United States — The United States Food and Drug Administration (FDA) has recently expanded the approved use of Tamiflu (oseltamivir) to treat children as young as two weeks old who have shown symptoms of flu for no longer than two days.
The drug is not approved to prevent flu infection in this population. In addition, the safety and efficacy of Tamiflu to treat flu infection has not been established in children younger than two weeks old.
Tamiflu was approved in 1999 to treat adults infected with flu who have shown symptoms for no longer than two days. It has since been approved to treat flu in children ages one year and older who have shown symptoms of flu for no longer than two days, and to prevent flu in adults and children ages one year and older.
Although there is a fixed dosing regimen for patients one-year and older according to weight categories, the dosing for children younger than one year must be calculated for each patient based on their exact weight. These children should receive three (3) milligrams per kilogram twice daily for five days. These smaller doses will require a different dispenser than what is currently co-packaged with Tamiflu.
“Pharmacists must provide the proper dispenser when filling a prescription so parents can measure and administer the correct dose to their children,” said Edward Cox, M.D., M.P.H, director of the Office of Antimicrobial Products in the FDA’s Center for Drug Evaluation and Research. “Parents and pediatricians must make sure children receive only the amount of Tamiflu appropriate for their weight.”
Tamiflu is the only product approved to treat flu infection in children younger than one-year-old, providing an important treatment option for a vulnerable population. According to the Centers for Disease Control and Prevention (CDC), children younger than two years are at higher risk for developing complications from the flu, with the highest rates of hospitalization in those less than six months of age.
The FDA expanded the approved use of Tamiflu in children younger than one year based on extrapolation of data from previous study results in adults and older children, and additional supporting safety and pharmacokinetic studies sponsored by both the National Institutes of Health and Roche Group, Tamiflu’s manufacturer.
Pediatric legislation permits efficacy to be extrapolated from previous study results in adults and older children if the illness being studied and the effects of the drug are sufficiently similar in adult and pediatric patients. Data on how the drug is metabolized in the body (pharmacokinetic data) indicated a dose of three (3) mg/kg twice daily provided concentrations of Tamiflu similar to those observed in older children and adults, and is expected to provide similar efficacy in this very young age group.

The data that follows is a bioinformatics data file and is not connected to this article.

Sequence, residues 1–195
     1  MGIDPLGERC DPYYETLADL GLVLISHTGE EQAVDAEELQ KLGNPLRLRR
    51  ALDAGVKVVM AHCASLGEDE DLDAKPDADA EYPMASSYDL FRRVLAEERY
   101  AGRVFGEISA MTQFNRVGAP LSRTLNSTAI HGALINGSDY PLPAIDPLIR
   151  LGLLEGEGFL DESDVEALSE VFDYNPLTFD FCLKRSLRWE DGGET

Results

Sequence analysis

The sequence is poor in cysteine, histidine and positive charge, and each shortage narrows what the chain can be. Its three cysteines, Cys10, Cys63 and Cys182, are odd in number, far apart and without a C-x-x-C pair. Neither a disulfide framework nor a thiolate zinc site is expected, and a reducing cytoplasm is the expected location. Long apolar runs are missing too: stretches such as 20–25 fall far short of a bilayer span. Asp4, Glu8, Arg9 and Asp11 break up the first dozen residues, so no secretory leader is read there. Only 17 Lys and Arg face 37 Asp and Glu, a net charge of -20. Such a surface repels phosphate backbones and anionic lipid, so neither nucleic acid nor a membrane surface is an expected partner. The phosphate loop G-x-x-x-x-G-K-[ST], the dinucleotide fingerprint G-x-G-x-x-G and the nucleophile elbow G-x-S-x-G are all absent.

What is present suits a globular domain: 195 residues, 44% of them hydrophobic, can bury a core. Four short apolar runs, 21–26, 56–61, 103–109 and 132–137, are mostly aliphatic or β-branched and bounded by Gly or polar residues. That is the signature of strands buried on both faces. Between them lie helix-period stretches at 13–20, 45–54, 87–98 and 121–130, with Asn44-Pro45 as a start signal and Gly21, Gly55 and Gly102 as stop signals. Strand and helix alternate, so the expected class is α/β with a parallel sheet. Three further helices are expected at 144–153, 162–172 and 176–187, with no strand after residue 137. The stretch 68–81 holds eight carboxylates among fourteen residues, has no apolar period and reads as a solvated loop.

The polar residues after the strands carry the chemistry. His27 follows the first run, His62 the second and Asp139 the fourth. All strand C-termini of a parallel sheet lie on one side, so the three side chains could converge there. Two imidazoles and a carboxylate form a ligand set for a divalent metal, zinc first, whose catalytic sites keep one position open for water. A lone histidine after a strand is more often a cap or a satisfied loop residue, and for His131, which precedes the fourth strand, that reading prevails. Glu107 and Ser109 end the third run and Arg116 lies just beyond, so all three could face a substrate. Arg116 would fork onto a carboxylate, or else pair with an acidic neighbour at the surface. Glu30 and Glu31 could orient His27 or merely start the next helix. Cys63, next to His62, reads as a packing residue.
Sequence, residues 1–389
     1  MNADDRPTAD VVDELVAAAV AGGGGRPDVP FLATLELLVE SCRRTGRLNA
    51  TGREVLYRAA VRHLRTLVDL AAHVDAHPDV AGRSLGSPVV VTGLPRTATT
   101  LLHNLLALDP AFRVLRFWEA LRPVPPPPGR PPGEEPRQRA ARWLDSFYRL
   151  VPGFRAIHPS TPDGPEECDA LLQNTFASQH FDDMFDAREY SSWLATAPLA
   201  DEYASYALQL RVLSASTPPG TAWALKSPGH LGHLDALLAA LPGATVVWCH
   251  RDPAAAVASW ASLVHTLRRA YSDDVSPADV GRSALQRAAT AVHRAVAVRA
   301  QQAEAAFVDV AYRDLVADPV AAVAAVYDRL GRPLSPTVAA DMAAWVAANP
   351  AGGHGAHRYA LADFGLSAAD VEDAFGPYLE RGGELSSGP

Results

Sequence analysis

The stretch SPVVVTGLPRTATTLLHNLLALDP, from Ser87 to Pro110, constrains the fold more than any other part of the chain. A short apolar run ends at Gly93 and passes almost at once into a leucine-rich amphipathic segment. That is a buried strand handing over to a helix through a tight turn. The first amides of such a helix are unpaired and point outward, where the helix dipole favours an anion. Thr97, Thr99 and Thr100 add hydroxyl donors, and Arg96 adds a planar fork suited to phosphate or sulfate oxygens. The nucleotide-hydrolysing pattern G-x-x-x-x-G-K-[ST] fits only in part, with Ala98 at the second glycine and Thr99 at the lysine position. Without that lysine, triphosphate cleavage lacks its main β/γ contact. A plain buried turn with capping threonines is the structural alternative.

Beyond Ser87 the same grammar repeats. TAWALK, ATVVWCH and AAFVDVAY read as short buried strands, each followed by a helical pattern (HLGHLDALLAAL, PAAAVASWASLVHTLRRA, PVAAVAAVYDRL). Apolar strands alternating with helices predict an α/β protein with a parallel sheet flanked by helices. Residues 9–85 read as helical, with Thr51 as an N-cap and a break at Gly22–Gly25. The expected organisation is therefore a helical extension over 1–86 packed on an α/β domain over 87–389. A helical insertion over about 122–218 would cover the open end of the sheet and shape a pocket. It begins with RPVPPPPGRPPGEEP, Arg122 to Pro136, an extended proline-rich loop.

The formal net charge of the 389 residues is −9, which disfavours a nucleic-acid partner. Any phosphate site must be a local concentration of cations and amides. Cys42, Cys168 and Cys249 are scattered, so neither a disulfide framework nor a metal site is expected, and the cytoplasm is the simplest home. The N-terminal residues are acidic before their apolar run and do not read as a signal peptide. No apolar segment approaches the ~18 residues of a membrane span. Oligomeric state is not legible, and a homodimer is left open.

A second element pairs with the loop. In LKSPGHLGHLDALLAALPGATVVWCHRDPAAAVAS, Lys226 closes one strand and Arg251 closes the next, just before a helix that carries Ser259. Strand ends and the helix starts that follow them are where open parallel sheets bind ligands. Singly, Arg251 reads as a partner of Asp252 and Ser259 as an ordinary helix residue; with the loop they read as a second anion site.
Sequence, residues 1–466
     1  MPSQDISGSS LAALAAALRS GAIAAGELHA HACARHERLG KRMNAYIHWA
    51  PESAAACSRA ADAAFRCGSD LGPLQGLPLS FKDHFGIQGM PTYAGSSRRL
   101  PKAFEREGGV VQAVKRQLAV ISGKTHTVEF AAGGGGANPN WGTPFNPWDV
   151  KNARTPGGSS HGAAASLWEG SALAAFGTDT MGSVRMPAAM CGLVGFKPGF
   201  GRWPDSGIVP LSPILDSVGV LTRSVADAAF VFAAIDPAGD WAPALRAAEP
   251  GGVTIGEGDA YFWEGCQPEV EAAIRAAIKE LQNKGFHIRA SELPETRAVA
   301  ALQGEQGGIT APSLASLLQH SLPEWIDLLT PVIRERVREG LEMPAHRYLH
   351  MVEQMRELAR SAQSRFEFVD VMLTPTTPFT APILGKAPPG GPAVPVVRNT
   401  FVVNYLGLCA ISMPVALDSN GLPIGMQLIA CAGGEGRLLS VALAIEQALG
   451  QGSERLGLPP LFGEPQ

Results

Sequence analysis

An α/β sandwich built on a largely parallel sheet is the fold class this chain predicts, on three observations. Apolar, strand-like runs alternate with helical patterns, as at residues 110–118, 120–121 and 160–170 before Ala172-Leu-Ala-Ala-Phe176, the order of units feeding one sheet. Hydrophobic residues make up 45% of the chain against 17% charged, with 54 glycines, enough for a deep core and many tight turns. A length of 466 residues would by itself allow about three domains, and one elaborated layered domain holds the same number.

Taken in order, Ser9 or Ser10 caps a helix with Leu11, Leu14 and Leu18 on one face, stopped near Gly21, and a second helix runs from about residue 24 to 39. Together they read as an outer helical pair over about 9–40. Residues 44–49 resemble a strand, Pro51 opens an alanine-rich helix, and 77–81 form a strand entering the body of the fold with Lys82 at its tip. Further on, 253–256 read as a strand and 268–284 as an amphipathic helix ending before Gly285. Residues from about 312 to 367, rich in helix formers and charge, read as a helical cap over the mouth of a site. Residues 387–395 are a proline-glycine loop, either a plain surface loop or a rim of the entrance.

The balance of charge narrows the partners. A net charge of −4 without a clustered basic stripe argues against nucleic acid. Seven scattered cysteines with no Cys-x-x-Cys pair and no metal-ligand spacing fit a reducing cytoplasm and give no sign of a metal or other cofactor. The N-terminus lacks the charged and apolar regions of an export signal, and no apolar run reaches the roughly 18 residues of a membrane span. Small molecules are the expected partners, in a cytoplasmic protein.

Almost all of the 135 pediatric patients enrolled in the two safety studies had confirmed flu. Results from these studies showed the safety profile in children younger than one year was consistent with the established safety profile of adults and older children. The most common side effects reported with Tamiflu use in this age group include vomiting and diarrhea. Although not seen in the new studies, rare cases of severe rash, skin reactions, hallucinations, delirium, and abnormal behavior have been reported.
The FDA monitors drugs for side effects and believes reporting side effects is important. Health care professionals and patients should report any side effects associated with Tamiflu’s use to FDA’s MedWatch program.
Tamiflu is not a substitute for early, annual flu vaccination, as recommended by the CDC’s Advisory Committee on Immunization Practices.CDC recommends all persons aged six months and older receive an annual flu vaccine.Successful screening measures such as a Papanicolaou test, HPV polymerase chain reaction testing, or both may be daunting to achieve, but there is meaningful hope that prevention efforts will ameliorate the effects of HPV-related oropharyngeal cancer.”